Microbes, as the most abundant sediment organisms, play a major role in the fate of pollutants. Many pollutant-related microbes have been studied, yet the entire microbial community profiles in subtropical marine environments have not been reported. The focus of this thesis study was on the impacts of a large sewage pollution reduction program, Harbor Area Treatment Scheme (HATS) implemented in Victoria Harbor, on sediment microbes and the main goal of this thesis research was to investigate the diversity, community structure, and the spatial-temporal variability of prokaryotes (bacteria and archaea in general, sulfate-reducing bacteria in particular) in sediments of Victoria Harbor, Hong Kong. Various molecular methods, including clone library construction, terminal restriction fragmen...[ Read more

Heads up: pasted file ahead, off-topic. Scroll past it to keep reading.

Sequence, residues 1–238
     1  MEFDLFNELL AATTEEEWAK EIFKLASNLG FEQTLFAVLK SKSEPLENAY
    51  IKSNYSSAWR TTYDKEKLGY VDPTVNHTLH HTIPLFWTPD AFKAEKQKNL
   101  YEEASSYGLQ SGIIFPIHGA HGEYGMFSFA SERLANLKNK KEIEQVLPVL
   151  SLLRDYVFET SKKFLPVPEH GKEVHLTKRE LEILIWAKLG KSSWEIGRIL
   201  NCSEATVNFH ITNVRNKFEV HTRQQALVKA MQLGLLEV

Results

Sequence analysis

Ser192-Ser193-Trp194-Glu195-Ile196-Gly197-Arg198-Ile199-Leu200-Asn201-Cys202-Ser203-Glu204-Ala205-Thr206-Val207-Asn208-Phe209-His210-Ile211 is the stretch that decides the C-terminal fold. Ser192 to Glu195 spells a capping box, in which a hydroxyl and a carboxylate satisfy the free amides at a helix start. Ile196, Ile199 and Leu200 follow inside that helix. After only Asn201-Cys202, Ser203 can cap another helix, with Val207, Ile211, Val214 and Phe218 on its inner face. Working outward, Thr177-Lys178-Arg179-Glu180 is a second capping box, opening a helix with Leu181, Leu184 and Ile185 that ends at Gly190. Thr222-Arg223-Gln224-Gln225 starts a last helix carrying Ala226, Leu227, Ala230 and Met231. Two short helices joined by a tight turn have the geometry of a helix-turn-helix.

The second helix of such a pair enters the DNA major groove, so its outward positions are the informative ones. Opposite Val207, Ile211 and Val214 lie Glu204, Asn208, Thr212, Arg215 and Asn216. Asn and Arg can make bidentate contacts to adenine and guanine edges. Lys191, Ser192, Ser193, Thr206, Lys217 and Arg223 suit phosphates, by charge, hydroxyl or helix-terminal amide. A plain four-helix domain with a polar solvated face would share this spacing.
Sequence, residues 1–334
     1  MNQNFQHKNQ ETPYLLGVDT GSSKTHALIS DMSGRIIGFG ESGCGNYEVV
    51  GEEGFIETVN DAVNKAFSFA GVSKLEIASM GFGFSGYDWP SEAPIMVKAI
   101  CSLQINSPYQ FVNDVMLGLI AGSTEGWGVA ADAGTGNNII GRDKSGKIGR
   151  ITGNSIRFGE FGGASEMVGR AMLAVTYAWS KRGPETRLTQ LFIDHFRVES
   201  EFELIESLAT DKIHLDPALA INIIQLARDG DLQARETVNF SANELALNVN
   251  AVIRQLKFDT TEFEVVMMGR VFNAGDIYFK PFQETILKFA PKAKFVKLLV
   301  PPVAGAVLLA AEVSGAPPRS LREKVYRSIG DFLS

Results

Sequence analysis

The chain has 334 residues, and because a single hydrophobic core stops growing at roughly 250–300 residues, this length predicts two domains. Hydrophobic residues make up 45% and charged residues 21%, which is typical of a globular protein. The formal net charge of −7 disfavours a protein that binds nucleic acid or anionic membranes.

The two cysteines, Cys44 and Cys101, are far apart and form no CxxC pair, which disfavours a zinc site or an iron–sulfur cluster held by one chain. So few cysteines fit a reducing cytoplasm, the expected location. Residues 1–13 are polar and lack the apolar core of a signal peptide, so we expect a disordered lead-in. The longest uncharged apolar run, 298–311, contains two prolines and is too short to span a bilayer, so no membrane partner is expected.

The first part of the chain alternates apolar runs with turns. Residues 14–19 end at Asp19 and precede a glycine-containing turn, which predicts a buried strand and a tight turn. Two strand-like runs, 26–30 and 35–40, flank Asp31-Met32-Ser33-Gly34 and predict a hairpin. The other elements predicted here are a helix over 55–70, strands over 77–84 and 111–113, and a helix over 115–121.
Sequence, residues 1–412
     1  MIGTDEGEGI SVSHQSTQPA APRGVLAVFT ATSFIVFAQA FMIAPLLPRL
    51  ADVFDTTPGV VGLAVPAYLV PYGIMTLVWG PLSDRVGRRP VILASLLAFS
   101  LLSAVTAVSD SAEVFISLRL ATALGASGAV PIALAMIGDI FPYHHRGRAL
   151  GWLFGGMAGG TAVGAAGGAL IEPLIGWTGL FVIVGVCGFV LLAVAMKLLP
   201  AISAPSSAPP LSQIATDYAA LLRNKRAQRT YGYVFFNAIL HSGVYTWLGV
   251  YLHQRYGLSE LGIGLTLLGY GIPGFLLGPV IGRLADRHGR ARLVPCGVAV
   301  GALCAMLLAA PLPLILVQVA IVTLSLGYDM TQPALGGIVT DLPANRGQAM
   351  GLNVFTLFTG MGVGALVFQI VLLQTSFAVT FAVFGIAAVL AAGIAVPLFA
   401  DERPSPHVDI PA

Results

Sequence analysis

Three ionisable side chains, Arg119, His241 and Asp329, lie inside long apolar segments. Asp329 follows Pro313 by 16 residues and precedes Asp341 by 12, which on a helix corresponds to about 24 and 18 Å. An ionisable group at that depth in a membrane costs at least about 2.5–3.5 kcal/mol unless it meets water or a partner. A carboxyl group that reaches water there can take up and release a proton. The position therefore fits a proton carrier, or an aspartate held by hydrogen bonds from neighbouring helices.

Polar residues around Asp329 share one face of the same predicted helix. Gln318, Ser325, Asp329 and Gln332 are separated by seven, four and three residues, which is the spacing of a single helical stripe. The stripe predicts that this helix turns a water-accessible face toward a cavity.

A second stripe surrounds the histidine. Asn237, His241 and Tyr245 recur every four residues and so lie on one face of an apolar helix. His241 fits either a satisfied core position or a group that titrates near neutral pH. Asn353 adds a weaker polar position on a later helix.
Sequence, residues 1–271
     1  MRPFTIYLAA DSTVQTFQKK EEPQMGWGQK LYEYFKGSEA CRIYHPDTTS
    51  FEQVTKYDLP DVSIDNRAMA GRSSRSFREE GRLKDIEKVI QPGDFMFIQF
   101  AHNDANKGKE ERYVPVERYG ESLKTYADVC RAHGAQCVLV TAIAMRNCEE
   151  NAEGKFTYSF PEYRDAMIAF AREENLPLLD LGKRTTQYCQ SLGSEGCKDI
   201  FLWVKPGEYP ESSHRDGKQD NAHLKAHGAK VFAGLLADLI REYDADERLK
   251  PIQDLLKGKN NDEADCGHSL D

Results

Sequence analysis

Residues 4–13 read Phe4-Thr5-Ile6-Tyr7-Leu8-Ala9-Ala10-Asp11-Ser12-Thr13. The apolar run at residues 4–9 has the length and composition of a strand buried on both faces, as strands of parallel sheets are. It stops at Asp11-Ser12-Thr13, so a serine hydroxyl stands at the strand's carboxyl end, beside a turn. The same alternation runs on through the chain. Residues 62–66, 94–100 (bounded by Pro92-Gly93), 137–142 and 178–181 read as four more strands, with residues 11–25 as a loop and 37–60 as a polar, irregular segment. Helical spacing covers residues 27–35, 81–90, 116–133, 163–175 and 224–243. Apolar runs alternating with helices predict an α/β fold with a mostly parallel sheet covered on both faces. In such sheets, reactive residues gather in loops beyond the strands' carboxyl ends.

Microbes, as the most abundant sediment organisms, play a major role in the fate of pollutants. Many pollutant-related microbes have been studied, yet the entire microbial community profiles in subtropical marine environments have not been reported. The focus of this thesis study was on the impacts of a large sewage pollution reduction program, Harbor Area Treatment Scheme (HATS) implemented in Victoria Harbor, on sediment microbes and the main goal of this thesis research was to investigate the diversity, community structure, and the spatial-temporal variability of prokaryotes (bacteria and archaea in general, sulfate-reducing bacteria in particular) in sediments of Victoria Harbor, Hong Kong. Various molecular methods, including clone library construction, terminal restriction fragment length polymorphism (T-RFLP), archaeal phylum-scale primed PCR (ASP-PCR), genus specific PCR (GS-PCR), and web-base Phylogenetic Assignment Tools (PAT) analysis were used to accomplish this goal. Sediment samples were collected bimonthly from three polluted (VHE, VH, and VHW) and two adjacent (open oceanic, TLC; estuary discharge affected, PC) sites from August 2004 to October 2006.